Argued April 3, 1962.
Decided May 10, 1962.
William J. Cronan, Jr., Charleston, S.C. (Morrison Morrison, Charleston, S.C., on brief), for appellants.
Joseph R. Young, Charleston, S.C. (Hagood, Rivers Young, Charleston, S.C., on brief), for appellee.
Before SOPER, BRYAN and BELL, Circuit Judges.
The application of Johnny M. Phillips for an automobile liability policy in South Carolina with the Home Fire Marine Insurance Company represented that his driver's license had never been suspended, when in truth, as the insured concedes, it had been. Exoneration from responsibility under the policy was sought on this ground by the insurer in a declaratory judgment action.
The insured answered that the insurer's agent had been told of the suspension when he took the application, and the company is now estopped to repudiate the contract. The insurer traverses this factual premise. The legal conclusion it likewise denies, pointing to policy stipulations which specifically purport to preclude estoppel through an agent's knowledge of changes in the policy unendorsed thereon and contradictory to its written terms.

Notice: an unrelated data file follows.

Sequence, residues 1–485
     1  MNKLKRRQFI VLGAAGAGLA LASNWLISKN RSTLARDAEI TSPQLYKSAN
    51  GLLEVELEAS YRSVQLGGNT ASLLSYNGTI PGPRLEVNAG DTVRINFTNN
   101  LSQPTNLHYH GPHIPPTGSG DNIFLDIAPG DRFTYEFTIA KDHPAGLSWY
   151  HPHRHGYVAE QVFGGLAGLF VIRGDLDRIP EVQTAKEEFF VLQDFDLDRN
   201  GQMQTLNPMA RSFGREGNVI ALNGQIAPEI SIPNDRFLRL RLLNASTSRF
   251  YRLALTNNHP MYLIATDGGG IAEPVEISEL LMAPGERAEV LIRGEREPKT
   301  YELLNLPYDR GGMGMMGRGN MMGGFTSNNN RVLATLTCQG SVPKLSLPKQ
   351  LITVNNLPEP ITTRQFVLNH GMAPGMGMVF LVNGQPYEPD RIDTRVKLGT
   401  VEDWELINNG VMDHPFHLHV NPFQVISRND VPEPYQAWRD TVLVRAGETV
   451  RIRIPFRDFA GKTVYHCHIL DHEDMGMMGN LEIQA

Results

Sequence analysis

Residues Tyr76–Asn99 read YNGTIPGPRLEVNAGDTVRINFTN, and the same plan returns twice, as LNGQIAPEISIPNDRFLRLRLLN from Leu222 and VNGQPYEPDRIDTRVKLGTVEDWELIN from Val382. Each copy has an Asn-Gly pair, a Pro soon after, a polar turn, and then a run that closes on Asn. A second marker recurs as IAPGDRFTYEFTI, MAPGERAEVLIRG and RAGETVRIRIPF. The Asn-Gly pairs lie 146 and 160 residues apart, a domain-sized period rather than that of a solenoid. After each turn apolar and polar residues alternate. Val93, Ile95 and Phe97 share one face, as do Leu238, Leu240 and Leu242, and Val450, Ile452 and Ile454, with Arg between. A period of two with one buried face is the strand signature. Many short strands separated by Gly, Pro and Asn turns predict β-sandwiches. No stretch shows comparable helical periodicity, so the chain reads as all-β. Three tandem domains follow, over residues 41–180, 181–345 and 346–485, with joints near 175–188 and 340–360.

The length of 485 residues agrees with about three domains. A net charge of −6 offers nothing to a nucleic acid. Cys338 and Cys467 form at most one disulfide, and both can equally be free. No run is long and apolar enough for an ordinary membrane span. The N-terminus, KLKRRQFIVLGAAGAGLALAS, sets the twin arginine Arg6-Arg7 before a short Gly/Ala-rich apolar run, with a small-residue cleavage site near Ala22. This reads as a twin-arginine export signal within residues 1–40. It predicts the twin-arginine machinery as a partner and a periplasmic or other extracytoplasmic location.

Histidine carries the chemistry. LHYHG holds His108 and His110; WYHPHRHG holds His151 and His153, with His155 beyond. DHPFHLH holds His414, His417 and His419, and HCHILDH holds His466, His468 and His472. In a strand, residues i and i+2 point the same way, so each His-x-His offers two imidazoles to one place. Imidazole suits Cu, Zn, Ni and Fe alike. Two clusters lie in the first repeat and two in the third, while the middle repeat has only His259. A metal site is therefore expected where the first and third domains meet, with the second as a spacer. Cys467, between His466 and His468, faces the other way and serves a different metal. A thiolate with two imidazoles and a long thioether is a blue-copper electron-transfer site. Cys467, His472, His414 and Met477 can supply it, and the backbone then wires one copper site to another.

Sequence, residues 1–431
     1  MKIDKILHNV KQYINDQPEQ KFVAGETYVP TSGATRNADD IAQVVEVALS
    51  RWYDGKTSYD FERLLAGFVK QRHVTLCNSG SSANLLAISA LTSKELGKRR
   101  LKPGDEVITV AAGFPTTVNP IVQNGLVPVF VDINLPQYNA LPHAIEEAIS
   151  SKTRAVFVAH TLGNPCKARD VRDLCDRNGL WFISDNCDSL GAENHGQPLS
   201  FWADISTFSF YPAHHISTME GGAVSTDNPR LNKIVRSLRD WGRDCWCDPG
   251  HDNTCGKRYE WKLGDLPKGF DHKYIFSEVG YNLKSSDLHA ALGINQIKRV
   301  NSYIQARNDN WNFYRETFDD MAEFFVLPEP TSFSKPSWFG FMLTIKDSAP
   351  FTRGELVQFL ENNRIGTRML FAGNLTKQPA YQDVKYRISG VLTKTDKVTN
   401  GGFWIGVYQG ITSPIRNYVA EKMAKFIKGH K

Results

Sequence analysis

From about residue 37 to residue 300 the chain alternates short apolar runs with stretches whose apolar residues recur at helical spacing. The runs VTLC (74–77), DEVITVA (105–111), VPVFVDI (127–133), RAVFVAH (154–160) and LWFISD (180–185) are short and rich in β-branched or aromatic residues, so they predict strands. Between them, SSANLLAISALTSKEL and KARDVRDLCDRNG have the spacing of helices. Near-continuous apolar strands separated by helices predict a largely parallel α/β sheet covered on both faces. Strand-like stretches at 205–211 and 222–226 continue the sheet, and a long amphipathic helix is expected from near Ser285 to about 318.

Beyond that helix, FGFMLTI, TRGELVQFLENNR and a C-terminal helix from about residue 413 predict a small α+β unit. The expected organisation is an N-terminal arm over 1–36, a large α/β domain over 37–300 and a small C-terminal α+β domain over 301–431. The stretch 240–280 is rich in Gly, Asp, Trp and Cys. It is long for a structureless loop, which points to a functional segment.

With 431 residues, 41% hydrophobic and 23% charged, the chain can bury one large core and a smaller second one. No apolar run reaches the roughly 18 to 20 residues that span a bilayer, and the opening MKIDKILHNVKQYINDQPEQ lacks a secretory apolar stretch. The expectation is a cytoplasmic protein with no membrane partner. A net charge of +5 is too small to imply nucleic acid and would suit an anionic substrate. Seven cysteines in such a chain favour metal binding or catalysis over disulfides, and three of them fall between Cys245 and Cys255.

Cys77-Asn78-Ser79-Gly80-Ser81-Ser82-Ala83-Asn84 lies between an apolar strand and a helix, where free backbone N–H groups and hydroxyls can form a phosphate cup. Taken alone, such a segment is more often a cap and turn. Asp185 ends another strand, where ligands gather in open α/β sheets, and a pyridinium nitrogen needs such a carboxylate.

The District Court, directing a verdict for the company, held the policy stipulations to prevail as a matter of law, despite the agent's foreknowledge of the falsity of the statement. As a diversity case the law of South Carolina controls, and the direction cannot be upheld.
The policy in suit was issued to Johnny M. Phillips by a company agent at Charleston Heights, South Carolina on application of his wife. At the instance of her husband, Barbara Phillips called at the agent's office on October 10, 1960 seeking a policy on a Ford Ranch Wagon which he was then purchasing from her brother-in-law. The questions on the application form were read to her by the agent and her responses typed on the blank by a clerk or stenographer. Among the questions was this one: "Has any operator had his license suspended or revoked?". The answer noted was "No".